9.11.2008

9/11

A lot of people have waxed eloquent today about a tragedy that still gives most of us pause when we think about it. There has been a lot of ink spilled about the transcendant nature of the tragedy and our need to step beyond politics for one day and mourn. I mourned. And when I was done, I was angry.

People say that this is not a political issue and the deaths of thousands of American civilians, many of them trying to help their fellow countrymen is not inherently political. But my anger is political.

People say that we should direct our anger at the terrorists who plot today from caves and camps thousands of miles away - not against our leaders. I was angry at them for years. But now I am angry at us and our administration.

We have spent the past seven years fighting a war that had little to do with the terrorists. We have spent billions on it and diminished the ability of one of the greatest fighting forces in the world to protect us if and when a real need arises. And along all of that, we have toppled from our place at the helm of global politics. The terrorists didn't do that to us and they didn't force us to do it to ourselves. No, after seven long years, I am not angry at them anymore. I am angry at, and - worse - disappointed in, us.

3 comments:

Maxim said...

This is pretty disappointing Obama/Democratic boilerplate to read from you. I feel like you *must* be better informed and have a better understanding of the issues to be making such blanket and clearly contestable statements. I hope that's the case, and urge you to avoid the temptation in future posts. Whether or not it's the case - a few remarks are in order:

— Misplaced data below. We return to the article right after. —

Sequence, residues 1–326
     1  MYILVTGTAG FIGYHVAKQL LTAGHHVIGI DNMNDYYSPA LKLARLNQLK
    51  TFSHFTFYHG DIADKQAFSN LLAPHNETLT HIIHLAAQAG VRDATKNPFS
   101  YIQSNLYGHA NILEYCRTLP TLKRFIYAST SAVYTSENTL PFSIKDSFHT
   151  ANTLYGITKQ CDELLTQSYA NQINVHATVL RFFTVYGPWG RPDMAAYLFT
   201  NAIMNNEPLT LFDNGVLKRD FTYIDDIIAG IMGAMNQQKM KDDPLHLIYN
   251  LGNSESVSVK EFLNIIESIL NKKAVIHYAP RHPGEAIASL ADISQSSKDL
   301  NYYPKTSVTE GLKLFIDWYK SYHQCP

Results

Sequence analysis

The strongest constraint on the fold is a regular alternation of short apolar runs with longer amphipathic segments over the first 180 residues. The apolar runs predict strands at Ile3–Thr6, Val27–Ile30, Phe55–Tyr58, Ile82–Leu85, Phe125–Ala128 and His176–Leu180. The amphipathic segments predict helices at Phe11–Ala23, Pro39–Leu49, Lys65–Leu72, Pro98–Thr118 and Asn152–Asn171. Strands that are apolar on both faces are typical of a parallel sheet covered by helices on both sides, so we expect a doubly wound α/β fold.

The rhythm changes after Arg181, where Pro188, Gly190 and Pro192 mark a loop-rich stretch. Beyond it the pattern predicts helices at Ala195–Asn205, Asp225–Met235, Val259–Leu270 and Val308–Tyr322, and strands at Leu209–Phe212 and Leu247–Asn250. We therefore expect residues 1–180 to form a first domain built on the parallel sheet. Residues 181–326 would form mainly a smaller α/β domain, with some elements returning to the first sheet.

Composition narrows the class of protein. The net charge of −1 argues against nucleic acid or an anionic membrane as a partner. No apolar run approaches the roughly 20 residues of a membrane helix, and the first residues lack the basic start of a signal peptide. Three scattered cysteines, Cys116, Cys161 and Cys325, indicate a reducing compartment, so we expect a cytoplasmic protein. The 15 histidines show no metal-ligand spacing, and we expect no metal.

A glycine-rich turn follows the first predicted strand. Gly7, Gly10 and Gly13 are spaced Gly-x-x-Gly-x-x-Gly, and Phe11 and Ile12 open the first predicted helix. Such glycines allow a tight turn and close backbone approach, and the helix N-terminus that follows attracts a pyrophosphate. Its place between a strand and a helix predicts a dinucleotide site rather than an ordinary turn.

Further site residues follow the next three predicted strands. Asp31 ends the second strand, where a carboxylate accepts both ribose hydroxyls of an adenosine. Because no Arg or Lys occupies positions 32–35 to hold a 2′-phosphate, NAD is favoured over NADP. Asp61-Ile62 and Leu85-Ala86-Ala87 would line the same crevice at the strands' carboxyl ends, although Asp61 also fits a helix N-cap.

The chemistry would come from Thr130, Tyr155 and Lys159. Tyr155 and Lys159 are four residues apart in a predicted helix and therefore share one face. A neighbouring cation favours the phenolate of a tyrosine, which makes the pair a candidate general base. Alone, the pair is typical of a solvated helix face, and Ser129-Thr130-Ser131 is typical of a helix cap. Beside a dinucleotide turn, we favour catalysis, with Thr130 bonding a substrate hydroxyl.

You say we're "... fighting a war that had little to do with the terrorists" ?? If you honestly truly believe that (rather than simply using it as rhetorical shorthand for a more complex issue), I don't know what to say. Sure Saddam didn't do 9/11, but his type of regime and the UN's flaccid non-performance of its function is exactly what created the opportunities and mindset (on all sides) for 9/11 to happen. At the very least the Bush administration chose a boldly different course. Not very efficient, certainly not 100% effective, but nothing in politics (especially international politics) ever is.

You say "...we have toppled from our place at the helm of global politics"??? Not last that I checked. That may be a trend that's playing itself out over this decade and the coming ones, but "toppled" is an inaccurate word, and solely blaming the Bush administration's post-9/11 actions is, again, Obama campaign boilerplate. You *know* that the reality is more complex than that.

You say, "No, after seven long years, I am not angry at them anymore." Really? What changed your mind? Do you have the slightest cause to think they wouldn't pull off another 9/11 if they could? Or, in a slightly broader context, do you imagine for a second that their cultures, religion, and societies can give you a tenth of the forbearance and tolerance that we give them? Or is it that time heals all wounds? Not here -- I'm still *plenty* pissed.

You say " I am angry at, and - worse - disappointed in, us." In that case, I'd like to introduce to you the concept of "Masochistic Omnipotence Syndrome" -- you'll find some notes on it here.

For you to redirect the anger you felt at the perpetrators of 9/11's horrors onto our own culture and leaders is a self-defeating bit of psychological transference. On the one hand, it's understandable -- you actually have a greater degree of control, however small, over what our culture is like and what our politicians/leaders do. On the other hand, like a hostage suffering from Stockholm syndrome, when you misinterpret and mis-identify the various sources of good and evil in the world, and their relative magnitudes, it leads you to make poor choices about how to behave, and where to direct your energies, emotional and physical.

Let's remember the larger picture, please, shall we?

xerpentine said...